“You okay, kids?” he said, and looked around. Panic seized his heart. Garth and Tula were gone.
“Hey. These yours?” Marissa, the blue-haired waitress, appeared with Garth and Tula in tow. They ran to him and hugged his legs. He could see they weren’t hurt, just upset. “What happened?” he demanded.
“Someone tried to grab them. Sergei stopped him.”
“Big Russian guy with white hair. He comes in two, three times a week for this awful strong tea. I think he dragged the other guy into the bathroom. I already called the cops.”
Human law enforcement would be less than useless, if Karkarias had sent who Jess suspected. Before he could pry his children loose and go to help, Sergei emerged from the men’s room, straightening his coat. He went to Jess and Marissa and peered down solemnly at the twins. They squeezed Jess’s legs even harder. “The cubs are all right?” he rumbled.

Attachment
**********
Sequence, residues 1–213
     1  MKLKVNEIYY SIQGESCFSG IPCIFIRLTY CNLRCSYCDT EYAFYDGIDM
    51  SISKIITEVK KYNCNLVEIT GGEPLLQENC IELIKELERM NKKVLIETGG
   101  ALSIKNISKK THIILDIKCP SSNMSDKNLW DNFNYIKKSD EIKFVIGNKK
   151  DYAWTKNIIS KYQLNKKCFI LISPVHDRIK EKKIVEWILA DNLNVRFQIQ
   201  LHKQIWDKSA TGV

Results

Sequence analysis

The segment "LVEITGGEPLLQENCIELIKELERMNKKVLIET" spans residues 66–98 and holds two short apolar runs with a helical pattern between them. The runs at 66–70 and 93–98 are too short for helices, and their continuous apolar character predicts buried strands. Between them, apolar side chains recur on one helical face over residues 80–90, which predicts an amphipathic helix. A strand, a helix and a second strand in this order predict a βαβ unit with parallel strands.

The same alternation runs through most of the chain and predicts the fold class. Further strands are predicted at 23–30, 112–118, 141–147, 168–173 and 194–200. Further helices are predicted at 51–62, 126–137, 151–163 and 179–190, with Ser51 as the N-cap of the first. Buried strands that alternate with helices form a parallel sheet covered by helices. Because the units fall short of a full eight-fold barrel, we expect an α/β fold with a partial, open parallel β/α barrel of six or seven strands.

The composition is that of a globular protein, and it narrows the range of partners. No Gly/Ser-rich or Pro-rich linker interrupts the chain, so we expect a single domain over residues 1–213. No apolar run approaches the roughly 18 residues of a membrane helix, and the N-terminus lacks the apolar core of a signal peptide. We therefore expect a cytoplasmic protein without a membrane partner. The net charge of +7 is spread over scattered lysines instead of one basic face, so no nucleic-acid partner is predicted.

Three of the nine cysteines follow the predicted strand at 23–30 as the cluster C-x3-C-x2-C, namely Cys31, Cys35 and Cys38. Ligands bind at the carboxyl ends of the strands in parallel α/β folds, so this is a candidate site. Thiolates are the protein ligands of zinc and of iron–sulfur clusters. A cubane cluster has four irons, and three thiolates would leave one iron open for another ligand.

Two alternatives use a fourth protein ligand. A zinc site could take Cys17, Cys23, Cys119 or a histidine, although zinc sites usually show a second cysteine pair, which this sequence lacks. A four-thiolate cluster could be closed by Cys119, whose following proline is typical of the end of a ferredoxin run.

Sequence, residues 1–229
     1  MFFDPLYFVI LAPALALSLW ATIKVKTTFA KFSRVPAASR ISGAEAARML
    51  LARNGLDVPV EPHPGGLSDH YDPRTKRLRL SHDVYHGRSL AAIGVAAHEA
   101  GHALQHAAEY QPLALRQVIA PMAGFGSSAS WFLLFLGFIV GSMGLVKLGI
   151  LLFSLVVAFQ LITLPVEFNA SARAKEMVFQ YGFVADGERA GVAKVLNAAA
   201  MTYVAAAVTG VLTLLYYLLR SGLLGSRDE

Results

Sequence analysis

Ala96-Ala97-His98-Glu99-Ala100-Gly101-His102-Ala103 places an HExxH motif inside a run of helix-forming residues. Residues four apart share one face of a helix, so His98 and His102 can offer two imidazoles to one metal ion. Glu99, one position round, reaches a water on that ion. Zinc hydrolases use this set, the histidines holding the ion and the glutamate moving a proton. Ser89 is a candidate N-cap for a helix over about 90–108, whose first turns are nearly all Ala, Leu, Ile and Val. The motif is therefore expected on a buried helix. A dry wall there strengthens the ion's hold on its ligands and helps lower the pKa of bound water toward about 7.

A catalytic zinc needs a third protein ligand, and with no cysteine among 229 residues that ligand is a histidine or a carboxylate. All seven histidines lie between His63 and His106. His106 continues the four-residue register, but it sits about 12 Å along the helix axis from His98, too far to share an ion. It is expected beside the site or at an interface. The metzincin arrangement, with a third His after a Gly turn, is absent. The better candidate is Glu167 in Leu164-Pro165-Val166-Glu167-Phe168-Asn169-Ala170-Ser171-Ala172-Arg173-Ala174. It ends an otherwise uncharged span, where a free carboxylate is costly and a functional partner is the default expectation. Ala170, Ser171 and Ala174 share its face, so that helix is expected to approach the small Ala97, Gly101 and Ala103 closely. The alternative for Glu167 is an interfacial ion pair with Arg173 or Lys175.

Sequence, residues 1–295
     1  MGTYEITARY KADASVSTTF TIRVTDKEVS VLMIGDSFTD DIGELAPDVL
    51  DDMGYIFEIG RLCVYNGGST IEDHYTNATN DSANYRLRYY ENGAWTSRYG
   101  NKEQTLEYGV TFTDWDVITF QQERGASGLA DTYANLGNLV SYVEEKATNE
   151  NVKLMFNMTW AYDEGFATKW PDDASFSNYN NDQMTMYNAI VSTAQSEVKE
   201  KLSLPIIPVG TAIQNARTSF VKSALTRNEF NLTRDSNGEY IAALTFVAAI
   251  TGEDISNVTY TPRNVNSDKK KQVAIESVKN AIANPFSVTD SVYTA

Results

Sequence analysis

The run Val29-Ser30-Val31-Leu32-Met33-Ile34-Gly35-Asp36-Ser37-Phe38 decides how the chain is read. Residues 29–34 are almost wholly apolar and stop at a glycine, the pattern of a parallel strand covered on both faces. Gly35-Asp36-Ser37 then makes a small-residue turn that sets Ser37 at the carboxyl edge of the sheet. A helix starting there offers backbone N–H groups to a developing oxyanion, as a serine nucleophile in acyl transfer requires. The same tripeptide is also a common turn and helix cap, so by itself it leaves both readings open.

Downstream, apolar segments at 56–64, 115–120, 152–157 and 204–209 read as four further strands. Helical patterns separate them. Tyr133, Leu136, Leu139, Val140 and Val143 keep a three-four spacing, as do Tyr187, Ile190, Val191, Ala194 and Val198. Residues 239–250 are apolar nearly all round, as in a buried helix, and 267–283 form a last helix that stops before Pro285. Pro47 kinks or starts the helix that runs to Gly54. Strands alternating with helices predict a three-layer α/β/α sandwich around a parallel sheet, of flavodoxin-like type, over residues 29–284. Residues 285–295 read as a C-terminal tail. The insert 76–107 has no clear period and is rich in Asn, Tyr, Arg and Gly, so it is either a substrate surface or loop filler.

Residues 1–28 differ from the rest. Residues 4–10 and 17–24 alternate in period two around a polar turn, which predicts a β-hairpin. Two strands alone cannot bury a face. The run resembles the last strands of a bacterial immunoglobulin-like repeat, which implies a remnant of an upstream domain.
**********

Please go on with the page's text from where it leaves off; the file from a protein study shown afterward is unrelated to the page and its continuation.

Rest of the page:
“The, um, cubs are fine,” Jess said. In a lower voice he added, “Are you nuts? That was a tiger shark!”
Sergei sniffed. “Was fish. Cats eat fish. It is, how do you say, not biggie.” He pulled a thick roll of bills from his pocket, peeled one off and handed it to Marissa. “For the mess,” he said.
Marissa gaped at the denomination. Then realization hit. “Mess? Oh crap.” She sprinted for the men’s room.
Sergei recovered his hat from his table and started for the door. “Uh – Sergei?” Jess said. “Thank you.”
Sergei pinned him with emotionless eyes. “Is no need. I had cub once,” he said, and went out.
Moments later Marissa burst out of the men’s room with her hand over her mouth and her breakfast in her throat. As soon as she got her spasming stomach under control, she’d have to go tell Lex they had a body in the bathroom with its head stuffed down one of the toilets. Again.
Posted by Pat C.